Editorial: Maintaining control

After years of being just talk, data mining is in vogue

After years of being just talk, data mining is in vogue. After years of collecting data, technologies are in place that allow agencies to find a needle in a haystack.

In 2003, the Defense Advanced Research Projects Agency launched the ominous sounding Total Information Awareness program — later renamed Terrorism Information Awareness (TIA). That program sought to scour databases run by airlines, financial institutions and schools for trends that might offer leads on potential terrorists. But DARPA eventually killed that program.

Now most agencies — in fact, most organizations — are looking to use data mining. Perhaps the best-known case is the National Security Agency, which is collecting phone numbers to find trends that can help in the war on terrorism.

Data-mining technology is so tantalizing. The idea that disparate data pieces can somehow yield useable conclusions seems too good to be true.

We have no doubt that there are good reasons to collect this data, but people also have good reasons to feel uncomfortable. Data-mining stories mix with the tales of the Department of Veterans Affairs losing the data of millions of people and a hacker infiltrating Energy Department records. Those incidents are instructive. If you collect the data, you are responsible for it.

Years ago, former Sun Microsystems chief executive officer Scott McNealy said, “You already have zero privacy. Get over it.” But that should not be the basis of sound public policy.

Data-mining technology can be powerful. But regarding what happened with TIA, that power can be frightening. Processes, procedures and guidelines should be in place to guide the use of this technology so that it can be effective without scaring people.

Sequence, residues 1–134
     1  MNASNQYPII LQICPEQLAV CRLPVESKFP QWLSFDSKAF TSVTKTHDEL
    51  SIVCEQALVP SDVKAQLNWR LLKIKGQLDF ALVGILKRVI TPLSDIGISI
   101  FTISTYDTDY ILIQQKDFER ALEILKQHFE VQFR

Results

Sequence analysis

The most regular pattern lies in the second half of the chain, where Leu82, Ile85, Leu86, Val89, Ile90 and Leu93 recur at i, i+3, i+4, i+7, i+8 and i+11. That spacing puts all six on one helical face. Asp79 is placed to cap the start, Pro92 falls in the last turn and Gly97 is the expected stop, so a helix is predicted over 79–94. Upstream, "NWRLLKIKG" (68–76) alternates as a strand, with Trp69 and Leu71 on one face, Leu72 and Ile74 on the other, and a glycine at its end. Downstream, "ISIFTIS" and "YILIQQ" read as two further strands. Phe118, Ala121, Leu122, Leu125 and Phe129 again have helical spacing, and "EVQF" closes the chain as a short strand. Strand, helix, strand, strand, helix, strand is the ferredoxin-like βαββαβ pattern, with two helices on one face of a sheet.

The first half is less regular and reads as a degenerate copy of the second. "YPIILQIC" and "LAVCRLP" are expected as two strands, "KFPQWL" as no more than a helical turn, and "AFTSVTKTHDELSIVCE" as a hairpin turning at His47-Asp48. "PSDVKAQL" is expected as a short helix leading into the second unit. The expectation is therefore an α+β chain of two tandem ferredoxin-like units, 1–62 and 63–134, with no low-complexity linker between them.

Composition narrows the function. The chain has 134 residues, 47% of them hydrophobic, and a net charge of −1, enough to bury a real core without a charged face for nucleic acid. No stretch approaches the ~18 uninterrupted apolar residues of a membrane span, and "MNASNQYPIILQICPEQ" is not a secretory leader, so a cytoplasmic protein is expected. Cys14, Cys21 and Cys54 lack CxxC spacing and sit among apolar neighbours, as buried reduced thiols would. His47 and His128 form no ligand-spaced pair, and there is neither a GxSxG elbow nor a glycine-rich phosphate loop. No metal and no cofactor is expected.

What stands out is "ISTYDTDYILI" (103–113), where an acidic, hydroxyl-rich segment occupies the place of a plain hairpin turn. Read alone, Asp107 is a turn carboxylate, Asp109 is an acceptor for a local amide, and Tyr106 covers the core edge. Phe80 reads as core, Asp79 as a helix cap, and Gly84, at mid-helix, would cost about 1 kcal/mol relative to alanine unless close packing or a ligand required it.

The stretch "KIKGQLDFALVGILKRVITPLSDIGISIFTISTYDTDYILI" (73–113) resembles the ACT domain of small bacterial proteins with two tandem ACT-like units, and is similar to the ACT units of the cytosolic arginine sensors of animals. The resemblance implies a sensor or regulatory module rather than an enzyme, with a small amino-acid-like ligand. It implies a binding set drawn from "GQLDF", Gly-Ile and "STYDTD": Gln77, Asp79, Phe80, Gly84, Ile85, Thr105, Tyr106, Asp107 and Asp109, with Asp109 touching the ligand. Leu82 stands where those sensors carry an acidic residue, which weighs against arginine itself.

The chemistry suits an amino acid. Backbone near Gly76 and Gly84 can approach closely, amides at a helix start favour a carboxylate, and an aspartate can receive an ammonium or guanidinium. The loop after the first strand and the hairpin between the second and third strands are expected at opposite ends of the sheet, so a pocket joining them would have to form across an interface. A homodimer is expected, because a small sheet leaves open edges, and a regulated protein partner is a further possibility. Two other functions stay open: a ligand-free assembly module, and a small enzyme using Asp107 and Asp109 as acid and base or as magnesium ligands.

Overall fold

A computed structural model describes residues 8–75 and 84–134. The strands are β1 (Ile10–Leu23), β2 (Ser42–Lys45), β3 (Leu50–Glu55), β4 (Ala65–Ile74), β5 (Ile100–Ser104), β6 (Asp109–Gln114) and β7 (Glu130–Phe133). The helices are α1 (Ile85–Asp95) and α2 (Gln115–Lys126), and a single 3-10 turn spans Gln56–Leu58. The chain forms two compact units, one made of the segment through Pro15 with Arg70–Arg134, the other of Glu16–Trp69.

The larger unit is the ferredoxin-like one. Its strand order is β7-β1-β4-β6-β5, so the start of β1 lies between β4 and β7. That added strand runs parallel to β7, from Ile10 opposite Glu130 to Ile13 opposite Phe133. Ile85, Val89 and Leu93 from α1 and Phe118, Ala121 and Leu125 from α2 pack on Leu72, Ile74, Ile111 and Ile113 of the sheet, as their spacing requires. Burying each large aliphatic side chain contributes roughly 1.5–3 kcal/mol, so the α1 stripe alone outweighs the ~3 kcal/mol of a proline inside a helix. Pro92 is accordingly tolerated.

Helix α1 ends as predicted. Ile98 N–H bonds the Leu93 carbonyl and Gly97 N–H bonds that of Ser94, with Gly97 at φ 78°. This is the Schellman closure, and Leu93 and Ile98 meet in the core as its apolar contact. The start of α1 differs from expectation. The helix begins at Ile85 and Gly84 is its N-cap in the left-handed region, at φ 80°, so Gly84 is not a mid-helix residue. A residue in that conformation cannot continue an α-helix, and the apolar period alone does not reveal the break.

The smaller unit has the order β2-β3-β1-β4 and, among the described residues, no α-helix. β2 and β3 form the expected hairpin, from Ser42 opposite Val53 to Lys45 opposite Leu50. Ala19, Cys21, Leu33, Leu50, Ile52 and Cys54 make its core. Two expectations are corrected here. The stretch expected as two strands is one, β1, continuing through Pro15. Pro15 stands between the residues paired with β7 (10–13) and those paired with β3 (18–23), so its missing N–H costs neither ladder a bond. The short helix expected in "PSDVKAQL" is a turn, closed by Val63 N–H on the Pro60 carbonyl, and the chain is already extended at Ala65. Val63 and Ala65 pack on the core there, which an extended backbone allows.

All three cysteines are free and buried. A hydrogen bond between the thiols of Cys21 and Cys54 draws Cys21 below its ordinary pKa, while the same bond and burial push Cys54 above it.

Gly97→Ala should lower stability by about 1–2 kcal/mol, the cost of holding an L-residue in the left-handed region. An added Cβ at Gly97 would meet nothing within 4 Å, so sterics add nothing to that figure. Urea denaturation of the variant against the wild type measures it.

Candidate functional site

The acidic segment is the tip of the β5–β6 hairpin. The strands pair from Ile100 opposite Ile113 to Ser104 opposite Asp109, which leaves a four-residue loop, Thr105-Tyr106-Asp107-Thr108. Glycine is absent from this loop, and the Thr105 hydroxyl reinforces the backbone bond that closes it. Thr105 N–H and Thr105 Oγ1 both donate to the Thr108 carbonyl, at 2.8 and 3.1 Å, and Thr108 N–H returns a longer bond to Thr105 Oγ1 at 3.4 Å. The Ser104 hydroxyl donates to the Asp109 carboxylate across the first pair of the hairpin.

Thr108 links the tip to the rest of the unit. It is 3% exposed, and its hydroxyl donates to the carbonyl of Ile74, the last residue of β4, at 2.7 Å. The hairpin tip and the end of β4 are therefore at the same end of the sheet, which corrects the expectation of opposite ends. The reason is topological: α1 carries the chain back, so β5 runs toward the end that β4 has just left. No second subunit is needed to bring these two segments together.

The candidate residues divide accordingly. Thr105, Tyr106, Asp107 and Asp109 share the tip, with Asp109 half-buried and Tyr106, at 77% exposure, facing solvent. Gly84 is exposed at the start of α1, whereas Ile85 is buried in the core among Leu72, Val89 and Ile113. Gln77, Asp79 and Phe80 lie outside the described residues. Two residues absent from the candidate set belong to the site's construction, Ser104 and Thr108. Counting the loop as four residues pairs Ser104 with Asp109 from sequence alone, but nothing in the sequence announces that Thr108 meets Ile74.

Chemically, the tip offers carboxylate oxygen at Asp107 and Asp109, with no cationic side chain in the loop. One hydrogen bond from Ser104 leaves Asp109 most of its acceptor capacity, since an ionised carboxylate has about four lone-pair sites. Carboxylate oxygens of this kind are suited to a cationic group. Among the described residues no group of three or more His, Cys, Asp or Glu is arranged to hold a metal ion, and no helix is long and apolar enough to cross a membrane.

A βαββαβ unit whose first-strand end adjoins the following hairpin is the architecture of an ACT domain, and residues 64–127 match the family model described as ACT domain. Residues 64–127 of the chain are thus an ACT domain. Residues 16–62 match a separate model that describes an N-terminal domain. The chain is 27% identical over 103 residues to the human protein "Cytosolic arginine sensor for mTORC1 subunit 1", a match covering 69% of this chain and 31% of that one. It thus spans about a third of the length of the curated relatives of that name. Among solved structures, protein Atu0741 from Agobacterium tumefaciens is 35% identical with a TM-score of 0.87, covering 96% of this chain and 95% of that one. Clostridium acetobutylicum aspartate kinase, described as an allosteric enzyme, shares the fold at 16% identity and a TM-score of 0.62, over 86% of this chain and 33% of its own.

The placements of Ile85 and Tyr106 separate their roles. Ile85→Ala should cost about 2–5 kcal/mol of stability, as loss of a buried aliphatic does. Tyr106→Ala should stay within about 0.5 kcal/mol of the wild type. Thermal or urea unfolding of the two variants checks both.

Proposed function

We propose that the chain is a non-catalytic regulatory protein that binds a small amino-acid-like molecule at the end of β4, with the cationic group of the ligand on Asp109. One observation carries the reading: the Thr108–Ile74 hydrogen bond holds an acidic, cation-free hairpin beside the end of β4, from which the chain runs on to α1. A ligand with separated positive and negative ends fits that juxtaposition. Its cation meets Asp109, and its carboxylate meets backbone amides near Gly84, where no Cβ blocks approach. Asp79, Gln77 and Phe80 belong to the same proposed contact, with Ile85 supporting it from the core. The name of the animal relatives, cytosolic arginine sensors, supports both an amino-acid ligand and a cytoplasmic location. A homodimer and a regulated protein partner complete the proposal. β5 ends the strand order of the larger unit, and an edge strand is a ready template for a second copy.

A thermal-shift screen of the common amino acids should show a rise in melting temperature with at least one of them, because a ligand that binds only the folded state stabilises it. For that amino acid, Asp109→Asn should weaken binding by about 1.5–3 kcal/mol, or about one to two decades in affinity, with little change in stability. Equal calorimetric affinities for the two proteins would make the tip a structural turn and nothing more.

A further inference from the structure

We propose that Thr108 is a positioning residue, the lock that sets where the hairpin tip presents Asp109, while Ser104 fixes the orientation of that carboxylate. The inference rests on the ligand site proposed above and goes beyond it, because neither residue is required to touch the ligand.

Off-topic: Just a reminder that nominations for Federal Computer Week’s new Rising Star awards program are being accepted through Friday, July 7. The Rising Star awards, which are being selected in conjunction with AFCEA International Bethesda, Md., chapter’s Young AFCEANS, are modeled on the Federal 100 awards. These are young people who have made a difference in the past year. Unlike the Federal 100 awards, the Rising Star awards recognize people we loosely categorize as being in the first third of their careers.

Find more information at www.fcw.com/risingstar.


About the Author

Christopher J. Dorobek is the co-anchor of Federal News Radio’s afternoon drive program, The Daily Debrief with Chris Dorobek and Amy Morris, and the founder, publisher and editor of the DorobekInsider.com, a leading blog for the Federal IT community.

Dorobek joined Federal News Radio in 2008 with 16 years of experience covering government issues with an emphasis on government information technology. Prior to joining Federal News Radio, Dorobek was editor-in-chief of Federal Computer Week, the leading news magazine for government IT decision-makers and the flagship of the 1105 Government Information Group portfolio of publications. As editor-in-chief, Dorobek served as a member of the senior leadership team at 1105 Government Information Group, providing daily editorial direction and management for FCW magazine, FCW.com, Government Health IT and its other editorial products.

Dorobek joined FCW in 2001 as a senior reporter and assumed increasing responsibilities, becoming managing editor and executive editor before being named editor-in-chief in 2006. Prior to joining FCW, Dorobek was a technology reporter at PlanetGov.com, one of the first online community centers for current and former government employees. He also spent five years at Government Computer News, another leading industry publication, covering a variety of federal IT-related issues.

Dorobek is a frequent speaker on issues involving the government IT industry, and has appeared as a frequent contributor to NewsChannel 8’s Federal News Today program. He began his career as a reporter at the Foster’s Daily Democrat, a daily newspaper in Dover, N.H. He is a graduate of the University of Southern California. He lives in Washington, DC.


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